Feb. 3 (Bloomberg) -- Political deadlock over Romania’s accord with the International Monetary Fund and the European Union will end as President Traian Basescu signs off on the necessary paperwork, Prime Minister Victor Ponta said.
The lenders “successfully” completed a review of the agreement as the government decided not to include an additional fuel tax in documents that will be sent to the IMF’s board following Basescu’s signature, Ponta said after meeting a joint IMF-EU mission. The tax will enter into force April 1, he said.
“The president will sign the letter of intent to the IMF if the additional excise isn’t included in the document, so we took it out,” Ponta said today in a speech in Bucharest. “I was assured after a meeting between the international lenders and the president that the political deadlock will end.”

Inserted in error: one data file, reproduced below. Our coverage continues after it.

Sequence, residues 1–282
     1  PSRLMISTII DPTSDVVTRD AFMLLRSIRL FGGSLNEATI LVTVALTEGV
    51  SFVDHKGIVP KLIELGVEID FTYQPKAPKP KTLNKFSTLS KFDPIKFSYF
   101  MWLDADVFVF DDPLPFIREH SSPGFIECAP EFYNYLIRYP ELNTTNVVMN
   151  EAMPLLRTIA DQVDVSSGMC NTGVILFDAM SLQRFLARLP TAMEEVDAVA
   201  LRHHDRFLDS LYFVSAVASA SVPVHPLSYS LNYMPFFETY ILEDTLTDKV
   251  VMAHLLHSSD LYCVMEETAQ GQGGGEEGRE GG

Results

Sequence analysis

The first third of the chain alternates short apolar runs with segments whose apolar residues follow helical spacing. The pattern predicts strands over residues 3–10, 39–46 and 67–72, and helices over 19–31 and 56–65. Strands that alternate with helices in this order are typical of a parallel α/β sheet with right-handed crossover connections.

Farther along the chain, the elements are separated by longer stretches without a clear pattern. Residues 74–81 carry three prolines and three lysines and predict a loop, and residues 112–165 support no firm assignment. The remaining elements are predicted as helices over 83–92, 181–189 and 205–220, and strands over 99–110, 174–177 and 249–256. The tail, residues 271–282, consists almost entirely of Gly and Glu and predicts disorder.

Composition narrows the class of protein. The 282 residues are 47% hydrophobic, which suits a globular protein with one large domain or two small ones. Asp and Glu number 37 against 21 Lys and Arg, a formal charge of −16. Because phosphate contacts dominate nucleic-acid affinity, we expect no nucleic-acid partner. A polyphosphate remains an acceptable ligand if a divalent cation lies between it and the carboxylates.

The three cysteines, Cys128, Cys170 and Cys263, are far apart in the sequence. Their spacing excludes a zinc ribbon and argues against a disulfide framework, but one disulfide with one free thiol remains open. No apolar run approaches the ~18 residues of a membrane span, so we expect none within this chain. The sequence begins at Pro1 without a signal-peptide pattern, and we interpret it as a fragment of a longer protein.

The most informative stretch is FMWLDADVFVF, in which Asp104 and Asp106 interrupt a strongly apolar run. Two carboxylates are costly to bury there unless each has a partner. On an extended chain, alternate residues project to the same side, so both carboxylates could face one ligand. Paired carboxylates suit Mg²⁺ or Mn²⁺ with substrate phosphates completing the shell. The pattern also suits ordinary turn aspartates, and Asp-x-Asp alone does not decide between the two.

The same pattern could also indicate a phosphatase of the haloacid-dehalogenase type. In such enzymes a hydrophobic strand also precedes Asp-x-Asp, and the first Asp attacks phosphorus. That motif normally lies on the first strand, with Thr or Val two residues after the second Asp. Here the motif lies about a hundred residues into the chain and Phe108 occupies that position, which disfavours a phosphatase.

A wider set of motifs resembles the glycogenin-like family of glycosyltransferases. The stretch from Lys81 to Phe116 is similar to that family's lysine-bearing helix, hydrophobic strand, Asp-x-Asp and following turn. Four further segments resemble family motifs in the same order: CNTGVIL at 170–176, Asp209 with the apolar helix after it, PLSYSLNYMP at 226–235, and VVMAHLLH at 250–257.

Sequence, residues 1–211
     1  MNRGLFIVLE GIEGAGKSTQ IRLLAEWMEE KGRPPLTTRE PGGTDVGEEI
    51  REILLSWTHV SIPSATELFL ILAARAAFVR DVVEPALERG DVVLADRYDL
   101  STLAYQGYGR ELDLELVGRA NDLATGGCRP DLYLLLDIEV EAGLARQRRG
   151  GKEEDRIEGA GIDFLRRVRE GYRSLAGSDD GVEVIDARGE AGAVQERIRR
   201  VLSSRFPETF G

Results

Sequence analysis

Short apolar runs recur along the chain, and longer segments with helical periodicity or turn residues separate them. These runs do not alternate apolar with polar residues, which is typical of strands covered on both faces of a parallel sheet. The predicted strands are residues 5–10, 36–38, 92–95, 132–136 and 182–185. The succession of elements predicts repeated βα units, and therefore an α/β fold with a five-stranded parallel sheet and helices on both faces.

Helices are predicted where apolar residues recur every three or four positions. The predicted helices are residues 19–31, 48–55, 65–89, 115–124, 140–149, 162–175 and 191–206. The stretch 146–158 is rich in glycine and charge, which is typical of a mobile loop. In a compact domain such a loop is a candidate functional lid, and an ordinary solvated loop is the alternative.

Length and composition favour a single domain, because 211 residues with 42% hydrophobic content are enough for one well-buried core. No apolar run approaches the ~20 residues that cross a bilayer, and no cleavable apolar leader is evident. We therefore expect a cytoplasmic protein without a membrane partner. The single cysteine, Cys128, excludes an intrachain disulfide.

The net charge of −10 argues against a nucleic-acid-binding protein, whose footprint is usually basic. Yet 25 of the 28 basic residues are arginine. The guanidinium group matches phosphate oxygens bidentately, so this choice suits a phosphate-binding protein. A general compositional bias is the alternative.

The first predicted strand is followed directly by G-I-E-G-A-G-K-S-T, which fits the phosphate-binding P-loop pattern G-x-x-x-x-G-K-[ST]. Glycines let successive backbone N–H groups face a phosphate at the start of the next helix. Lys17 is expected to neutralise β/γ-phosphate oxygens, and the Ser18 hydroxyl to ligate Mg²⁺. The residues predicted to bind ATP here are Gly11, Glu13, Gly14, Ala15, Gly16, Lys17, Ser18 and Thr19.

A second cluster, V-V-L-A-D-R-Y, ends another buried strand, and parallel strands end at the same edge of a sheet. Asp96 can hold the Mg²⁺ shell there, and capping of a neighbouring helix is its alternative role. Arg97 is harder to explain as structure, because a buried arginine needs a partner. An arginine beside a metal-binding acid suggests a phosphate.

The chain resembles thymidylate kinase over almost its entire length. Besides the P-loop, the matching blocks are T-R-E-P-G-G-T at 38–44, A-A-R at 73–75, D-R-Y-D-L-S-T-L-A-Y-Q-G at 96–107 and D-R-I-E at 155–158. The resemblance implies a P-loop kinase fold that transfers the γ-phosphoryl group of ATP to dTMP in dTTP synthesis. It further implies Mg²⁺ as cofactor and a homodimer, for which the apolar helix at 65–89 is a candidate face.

The IMF’s Washington-based board canceled a debate on Romania’s progress under the treaty following a December review because of political squabbling over an additional excise on fuel prices of 7 euro cents per liter. Its approval is needed to complete quarterly reviews of the 4 billion-euro ($5.4 billion) loan, equally split between the IMF and the EU.
Romania considers the accord precautionary, to be used to shield itself against market shocks and help reduce debt-financing costs. It hasn’t drawn down any funds.
The government agreed on several measures to stimulate economic growth, including aid to help individuals repay loans and reduce debt, Ponta said today. The measure could help about 1 million citizens, he said.
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